There is no evidence that COVID-19 vaccines can make children seriously ill or cause death. The statement by Vernon Coleman is false.
The Centers for Disease Control and Prevention (CDC) has recommended everyone above 12 years get vaccinated against COVID-19. So far, the U.S. Food and Drug Administration (FDA) has given emergency authorization only to the Pfizer-BioNTech vaccine for young people aged 12 to 15. The FDA has also approved this vaccine, now called Comirnaty, to prevent COVID-19 disease in individuals 16 years of age and older.
Experts at Johns Hopkins have stated that the vaccine helps prevent kids from getting COVID-19. Though COVID-19 in children is sometimes milder, they might get severe lung infections and require hospitalization due to COVID-19.
Moreover, vaccines go through rigorous testing and are monitored carefully. CDC-FDA reviews all the available clinical trial data before deciding to authorize vaccination among different age groups.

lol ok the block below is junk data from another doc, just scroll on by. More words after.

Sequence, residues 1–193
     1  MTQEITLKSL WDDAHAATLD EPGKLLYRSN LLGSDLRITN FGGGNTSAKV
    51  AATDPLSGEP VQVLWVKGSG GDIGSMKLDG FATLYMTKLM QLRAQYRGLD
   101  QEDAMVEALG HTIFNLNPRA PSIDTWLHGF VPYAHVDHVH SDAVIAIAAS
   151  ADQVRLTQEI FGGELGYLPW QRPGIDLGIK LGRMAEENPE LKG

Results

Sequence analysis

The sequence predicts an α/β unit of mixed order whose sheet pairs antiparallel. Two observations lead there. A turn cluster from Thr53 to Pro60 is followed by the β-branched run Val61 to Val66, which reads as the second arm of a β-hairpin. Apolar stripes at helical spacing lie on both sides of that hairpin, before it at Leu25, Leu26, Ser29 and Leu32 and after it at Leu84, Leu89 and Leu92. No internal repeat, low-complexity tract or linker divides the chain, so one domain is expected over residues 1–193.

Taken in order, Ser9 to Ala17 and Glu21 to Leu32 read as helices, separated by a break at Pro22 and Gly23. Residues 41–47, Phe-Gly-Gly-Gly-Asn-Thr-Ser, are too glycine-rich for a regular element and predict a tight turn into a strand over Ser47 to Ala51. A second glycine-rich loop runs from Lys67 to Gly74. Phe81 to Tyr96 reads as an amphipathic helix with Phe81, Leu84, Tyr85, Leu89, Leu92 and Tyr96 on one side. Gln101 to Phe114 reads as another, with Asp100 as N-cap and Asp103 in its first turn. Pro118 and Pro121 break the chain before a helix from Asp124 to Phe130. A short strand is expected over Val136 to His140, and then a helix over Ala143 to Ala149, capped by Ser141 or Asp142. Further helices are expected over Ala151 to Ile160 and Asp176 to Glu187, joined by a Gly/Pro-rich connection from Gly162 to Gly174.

Many have claimed that the COVID-19 vaccine causes heart problems in children. However, these cases are very rare, mild, and resolves quickly. The potential benefits of COVID-19 vaccination outweigh the potential risks including myocarditis or pericarditis, as the CDC has reported.
Meanwhile, side effects in children after COVID-19 vaccination are similar to those experienced by people age 16 and older and typically last 1-3 days.
According to an analysis by the FDA, the Pfizer-BioNTech COVID-19 vaccine effectively prevents COVID-19 in children. Furthermore, "the immune response of adolescents was non-inferior to (at least as good as) the immune response of the older participants."
There is no evidence that children suffer more from COVID-19 vaccines than from COVID-19, as claimed by Vernon Coleman. In fact, vaccines are proven effective in preventing disease in children, and the immune response was stronger in people 12–15 years old than people age 16 and older.
The COVID-19 pandemic has given rise to a lot of potentially dangerous misinformation. For reliable advice on COVID-19, including symptoms, prevention, and available treatment, please refer to the World Health Organization or your national healthcare authority.